UCI Researchers Demonstrate How to Trigger a Pathogen Release with Music

Yonatan Gizachew Achamyeleh, UCI Ph.D. student in electrical engineering and computer science (left); Mohammad Al Faruque, UCI professor of electrical engineering and computer science (center); and Anomadarshi Barua, UCI Ph.D. candidate in electrical engineering and computer science, found that negative pressure rooms in hospitals and biological research facilities can be tricked into releasing deadly microbes by music played on an attacker’s smartphone. Steve Zylius / UCI

Researchers at the University of California, Irvine have discovered that the safe operation of a negative pressure room – a space in a hospital or biological research laboratory designed to protect outside areas from exposure to deadly pathogens – can be disrupted by an attacker armed with little more than a smartphone.

According to UCI cyber-physical systems security experts, who shared their findings with attendees at the Association for Computing Machinery’s recent Conference on Computer and Communications Security in Los Angeles, mechanisms that control airflow in and out of biocontainment facilities can be tricked into functioning irregularly by a sound of a particular frequency, possibly tucked surreptitiously into a popular song.

“Someone could play a piece of music loaded on their smartphone or get it to transmit from a television or other audio device in or near a negative pressure room,” said senior co-author Mohammad Al Faruque, UCI professor of electrical engineering and computer science. “If that music is embedded with a tone that matches the resonant frequency of the pressure controls of one of these spaces, it could cause a malfunction and a leak of deadly microbes.”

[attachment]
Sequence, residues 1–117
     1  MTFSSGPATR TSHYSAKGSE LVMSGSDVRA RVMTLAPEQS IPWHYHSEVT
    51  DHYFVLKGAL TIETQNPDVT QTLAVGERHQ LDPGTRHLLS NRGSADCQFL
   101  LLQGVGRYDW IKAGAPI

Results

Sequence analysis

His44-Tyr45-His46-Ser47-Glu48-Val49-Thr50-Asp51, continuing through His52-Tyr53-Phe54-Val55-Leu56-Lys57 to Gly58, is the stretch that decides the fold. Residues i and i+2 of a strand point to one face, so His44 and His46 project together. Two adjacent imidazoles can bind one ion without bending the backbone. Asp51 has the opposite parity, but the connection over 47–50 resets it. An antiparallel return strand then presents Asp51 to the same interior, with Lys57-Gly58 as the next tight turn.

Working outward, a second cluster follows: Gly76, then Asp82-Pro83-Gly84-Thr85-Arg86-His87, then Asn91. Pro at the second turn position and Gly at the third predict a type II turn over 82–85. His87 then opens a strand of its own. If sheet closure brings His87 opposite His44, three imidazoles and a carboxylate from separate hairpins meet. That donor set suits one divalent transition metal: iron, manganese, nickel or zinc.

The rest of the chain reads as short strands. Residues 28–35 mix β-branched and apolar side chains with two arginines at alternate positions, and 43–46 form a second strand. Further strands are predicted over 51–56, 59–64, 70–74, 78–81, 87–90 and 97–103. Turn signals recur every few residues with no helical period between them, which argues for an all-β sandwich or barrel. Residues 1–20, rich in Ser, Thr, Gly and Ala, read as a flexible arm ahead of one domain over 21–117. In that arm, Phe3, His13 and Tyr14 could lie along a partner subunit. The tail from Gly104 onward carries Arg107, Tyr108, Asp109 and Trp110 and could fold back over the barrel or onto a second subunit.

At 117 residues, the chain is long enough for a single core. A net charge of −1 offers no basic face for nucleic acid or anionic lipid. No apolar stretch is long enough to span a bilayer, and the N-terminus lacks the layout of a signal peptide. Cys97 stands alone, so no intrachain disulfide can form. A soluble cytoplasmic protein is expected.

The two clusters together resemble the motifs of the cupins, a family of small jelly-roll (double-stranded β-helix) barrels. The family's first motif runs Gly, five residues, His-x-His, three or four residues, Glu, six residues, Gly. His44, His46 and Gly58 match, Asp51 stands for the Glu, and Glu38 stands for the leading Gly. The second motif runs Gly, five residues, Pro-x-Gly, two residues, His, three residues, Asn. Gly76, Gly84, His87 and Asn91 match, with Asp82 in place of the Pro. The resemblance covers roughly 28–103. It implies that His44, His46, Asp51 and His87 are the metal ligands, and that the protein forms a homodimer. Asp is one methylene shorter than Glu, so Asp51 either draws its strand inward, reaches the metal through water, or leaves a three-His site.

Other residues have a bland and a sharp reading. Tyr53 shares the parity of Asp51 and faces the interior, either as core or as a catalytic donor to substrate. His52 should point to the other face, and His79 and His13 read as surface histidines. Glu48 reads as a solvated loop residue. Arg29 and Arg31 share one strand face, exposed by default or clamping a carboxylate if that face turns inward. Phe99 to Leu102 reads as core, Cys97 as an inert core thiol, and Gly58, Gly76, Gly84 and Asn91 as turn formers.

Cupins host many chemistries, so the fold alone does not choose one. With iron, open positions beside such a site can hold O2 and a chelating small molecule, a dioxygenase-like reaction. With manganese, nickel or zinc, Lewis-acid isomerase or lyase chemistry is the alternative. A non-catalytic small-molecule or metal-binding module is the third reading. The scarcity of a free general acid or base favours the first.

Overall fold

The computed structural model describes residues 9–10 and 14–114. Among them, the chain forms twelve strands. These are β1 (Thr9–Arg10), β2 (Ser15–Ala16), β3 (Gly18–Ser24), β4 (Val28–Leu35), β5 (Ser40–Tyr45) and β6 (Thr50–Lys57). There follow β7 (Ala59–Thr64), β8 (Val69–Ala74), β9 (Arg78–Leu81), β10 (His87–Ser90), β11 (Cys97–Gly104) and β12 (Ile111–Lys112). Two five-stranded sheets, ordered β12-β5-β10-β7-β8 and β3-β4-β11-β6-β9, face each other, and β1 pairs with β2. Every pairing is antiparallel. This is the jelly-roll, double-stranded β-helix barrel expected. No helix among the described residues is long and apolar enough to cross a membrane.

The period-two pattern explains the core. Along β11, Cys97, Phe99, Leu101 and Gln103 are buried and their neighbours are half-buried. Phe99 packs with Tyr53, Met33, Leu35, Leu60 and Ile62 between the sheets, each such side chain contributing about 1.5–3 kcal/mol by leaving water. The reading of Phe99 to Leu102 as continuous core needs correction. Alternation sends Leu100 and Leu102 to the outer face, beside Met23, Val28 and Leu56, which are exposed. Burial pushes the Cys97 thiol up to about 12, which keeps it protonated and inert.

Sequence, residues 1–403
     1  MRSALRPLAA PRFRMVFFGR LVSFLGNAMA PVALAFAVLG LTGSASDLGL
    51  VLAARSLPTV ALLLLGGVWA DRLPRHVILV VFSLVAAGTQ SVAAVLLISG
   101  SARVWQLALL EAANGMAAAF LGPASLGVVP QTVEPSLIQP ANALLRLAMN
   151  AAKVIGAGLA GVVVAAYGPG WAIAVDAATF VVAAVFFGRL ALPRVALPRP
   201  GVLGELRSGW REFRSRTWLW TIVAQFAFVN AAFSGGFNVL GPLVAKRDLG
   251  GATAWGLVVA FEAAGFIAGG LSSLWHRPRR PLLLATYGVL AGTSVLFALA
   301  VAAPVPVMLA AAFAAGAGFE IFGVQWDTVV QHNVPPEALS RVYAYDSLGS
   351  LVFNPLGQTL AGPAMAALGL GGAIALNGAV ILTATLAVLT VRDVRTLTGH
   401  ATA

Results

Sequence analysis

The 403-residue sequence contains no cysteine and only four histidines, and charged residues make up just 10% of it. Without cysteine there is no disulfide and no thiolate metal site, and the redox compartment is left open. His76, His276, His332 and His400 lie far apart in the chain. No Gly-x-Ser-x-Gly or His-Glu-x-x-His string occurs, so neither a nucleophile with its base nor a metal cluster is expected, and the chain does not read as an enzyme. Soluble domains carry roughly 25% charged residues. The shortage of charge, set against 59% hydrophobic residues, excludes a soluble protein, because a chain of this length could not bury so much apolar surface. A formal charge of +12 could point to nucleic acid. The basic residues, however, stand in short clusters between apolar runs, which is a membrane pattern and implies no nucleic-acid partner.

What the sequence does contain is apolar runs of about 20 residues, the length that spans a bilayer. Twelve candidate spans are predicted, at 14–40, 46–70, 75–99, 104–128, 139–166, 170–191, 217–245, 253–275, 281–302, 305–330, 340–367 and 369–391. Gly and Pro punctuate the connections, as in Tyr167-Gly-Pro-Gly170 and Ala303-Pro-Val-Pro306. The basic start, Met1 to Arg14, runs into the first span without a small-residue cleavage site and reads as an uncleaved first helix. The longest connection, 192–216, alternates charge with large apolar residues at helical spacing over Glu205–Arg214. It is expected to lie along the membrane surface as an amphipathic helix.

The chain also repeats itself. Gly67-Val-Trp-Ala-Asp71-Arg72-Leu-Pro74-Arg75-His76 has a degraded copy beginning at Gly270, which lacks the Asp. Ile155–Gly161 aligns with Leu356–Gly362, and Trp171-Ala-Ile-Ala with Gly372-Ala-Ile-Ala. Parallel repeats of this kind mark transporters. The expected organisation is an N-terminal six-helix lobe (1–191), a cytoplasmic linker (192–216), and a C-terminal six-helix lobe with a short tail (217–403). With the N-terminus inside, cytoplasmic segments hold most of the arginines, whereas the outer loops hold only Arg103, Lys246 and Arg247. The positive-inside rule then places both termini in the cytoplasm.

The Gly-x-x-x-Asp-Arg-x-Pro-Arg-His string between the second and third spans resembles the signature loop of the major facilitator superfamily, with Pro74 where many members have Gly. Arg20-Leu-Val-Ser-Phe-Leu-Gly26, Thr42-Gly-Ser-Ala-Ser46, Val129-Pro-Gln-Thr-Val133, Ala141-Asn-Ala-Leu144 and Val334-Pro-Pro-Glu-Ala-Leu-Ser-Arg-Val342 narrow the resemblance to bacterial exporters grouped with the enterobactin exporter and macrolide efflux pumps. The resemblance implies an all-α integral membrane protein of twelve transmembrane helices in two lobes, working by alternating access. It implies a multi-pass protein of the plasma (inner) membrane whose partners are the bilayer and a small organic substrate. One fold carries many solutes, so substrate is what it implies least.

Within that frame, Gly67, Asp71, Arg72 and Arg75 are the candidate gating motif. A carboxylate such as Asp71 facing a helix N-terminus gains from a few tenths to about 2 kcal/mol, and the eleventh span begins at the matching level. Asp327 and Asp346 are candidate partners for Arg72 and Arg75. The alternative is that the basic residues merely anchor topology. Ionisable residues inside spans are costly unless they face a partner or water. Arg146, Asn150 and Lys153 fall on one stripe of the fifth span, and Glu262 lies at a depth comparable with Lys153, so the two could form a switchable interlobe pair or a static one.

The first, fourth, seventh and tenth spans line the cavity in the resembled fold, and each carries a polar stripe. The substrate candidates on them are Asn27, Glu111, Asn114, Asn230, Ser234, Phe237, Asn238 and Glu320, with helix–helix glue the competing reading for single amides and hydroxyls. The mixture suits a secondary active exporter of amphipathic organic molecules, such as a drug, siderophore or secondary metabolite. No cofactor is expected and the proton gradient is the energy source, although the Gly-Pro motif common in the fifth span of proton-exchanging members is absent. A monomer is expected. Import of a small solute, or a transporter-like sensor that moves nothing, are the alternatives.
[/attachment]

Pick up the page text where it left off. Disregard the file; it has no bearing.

Achamyeleh, Al Faruque and Barua (from left) conducted part of their research into a potential threat to negative pressure facilities in an actual clean room designed to prevent external exposure to dangerous microbes. Steve Zylius / UCI

Heating, ventilation and air conditioning infrastructure maintains the flow of fresh air into and contaminated air out of a given space. HVAC systems in scientific facilities typically include room pressure monitors, which in turn utilize differential pressure sensors that compare the atmospheres inside and outside rooms.

The researchers said that commonly used DPSs are vulnerable to remote manipulation, posing a previously unrealized threat to biosafety facilities. They tested their hypothesis on eight industry-standard DPSs from five manufacturers, demonstrating that all the devices operate with resonant frequencies in the audible range and are, therefore, subject to tampering.

“When sound waves collide with the diaphragms inside a DPS, it starts vibrating with the same frequency,” said lead author Anomadarshi Barua, UCI Ph.D. candidate in electrical engineering and computer science. “An informed attacker can use this technique to artificially displace the diaphragm, changing the pressure reading and causing the whole system to malfunction.”

He said that attackers could thwart negative pressure room systems in a variety of ways. They could manipulate them wirelessly or pose as maintenance personnel to place an audio device inside or near such a room. “A more sophisticated attack might involve perpetrators embedding sound-emitting technologies into a DPS before it’s installed in a biocontainment facility,” Barua said.

In their conference presentation, the researchers suggested several countermeasures to prevent a musical assault on biosafety facilities. Sound dampening can be achieved by lengthening the sampling tube of a DPS’s port by as much as 7 meters. The team also proposed enclosing the pressure port in a boxlike structure. Both these measures would reduce the sensitivity of the DPS, Barua said.

Al Faruque said that this research project demonstrates the vulnerabilities of embedded systems to random attacks but stressed that with a little planning and forethought, facilities can be hardened against sabotage.

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